When Netflix last month revealed that it had lost customers for the first time in a decade, you might have expected competing streaming services to be jubilant.
The giants of old media have in recent years made challenging Netflix a mission. Figures for the first quarter suggest they had some success: Netflix lost 200,000 subscribers, while Disney Plus added nearly 8mn new ones.
Even Netflix co-founder Reed Hastings, who for years has dismissed the fear that rival services posed a threat, admitted that they have “some very good shows and films”.
But data from Ampere Analysis suggest that instead of a new Pixar film or an HBO show luring viewers away, the pressure on consumers’ wallets was key to Netflix’s troubled quarter.
In the two weeks after cancelling their subscription to Netflix, 87 per cent of subscribers had not signed up to a rival service, according to the analysis, which is based on around 3mn US internet users.
Richard Broughton, director of research at Ampere, said that although there was an increase in churn rates at the start of the year, “there is no strong evidence to suggest that customers are being pulled away due to interest in other [streaming video] services”.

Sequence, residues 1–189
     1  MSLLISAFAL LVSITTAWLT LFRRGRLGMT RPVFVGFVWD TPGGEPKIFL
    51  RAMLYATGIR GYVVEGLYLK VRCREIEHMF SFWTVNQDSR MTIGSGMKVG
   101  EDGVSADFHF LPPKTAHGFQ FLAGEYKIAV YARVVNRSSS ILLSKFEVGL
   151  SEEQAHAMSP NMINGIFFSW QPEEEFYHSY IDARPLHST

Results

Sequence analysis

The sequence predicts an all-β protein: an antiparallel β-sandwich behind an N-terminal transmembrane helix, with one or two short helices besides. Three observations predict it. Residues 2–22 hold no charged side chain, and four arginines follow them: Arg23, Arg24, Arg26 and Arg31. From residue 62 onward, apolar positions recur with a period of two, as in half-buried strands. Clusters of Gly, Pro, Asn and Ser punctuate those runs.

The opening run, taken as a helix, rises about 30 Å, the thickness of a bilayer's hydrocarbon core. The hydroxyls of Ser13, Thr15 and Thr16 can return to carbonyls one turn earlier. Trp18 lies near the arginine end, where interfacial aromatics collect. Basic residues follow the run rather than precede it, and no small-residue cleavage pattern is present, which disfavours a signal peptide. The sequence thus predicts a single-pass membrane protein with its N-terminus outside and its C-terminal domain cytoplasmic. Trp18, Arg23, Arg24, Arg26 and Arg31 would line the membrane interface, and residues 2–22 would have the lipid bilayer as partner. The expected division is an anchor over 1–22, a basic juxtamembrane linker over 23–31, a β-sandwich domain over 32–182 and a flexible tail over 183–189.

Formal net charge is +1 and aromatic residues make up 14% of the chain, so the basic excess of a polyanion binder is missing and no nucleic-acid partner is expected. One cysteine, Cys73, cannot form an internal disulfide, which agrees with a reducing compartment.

The data suggest that a combination of higher inflation and a weakening stock market prompted consumers to tighten their budgets.
Many of those that left the streaming service were aged between 18 and 24, or in households with an annual income of less than $15,000, according to the analysis. About 49 per cent of the poorest households surveyed said they had a Netflix subscription in the first quarter, down from about 56.2 per cent in the previous year.
Netflix’s loss of subscribers came after the company in January raised the price in the US for its standard plan by $1.50 to $15.49.
While the analysis suggests belt-tightening was the biggest drag for Netflix, questions over its content may also have contributed.
Ampere’s data point to Netflix suffering from a growing number of more fickle subscribers, or those who will cancel a subscription if they cannot find anything they want to watch, but are willing to join again when they hear of something they do.
Although an industry-wide concern, Netflix’s maturity makes it more exposed to this risk than the rest, said Broughton.
Additional reporting and data visualisation by Steven Bernard
Source: Financial Times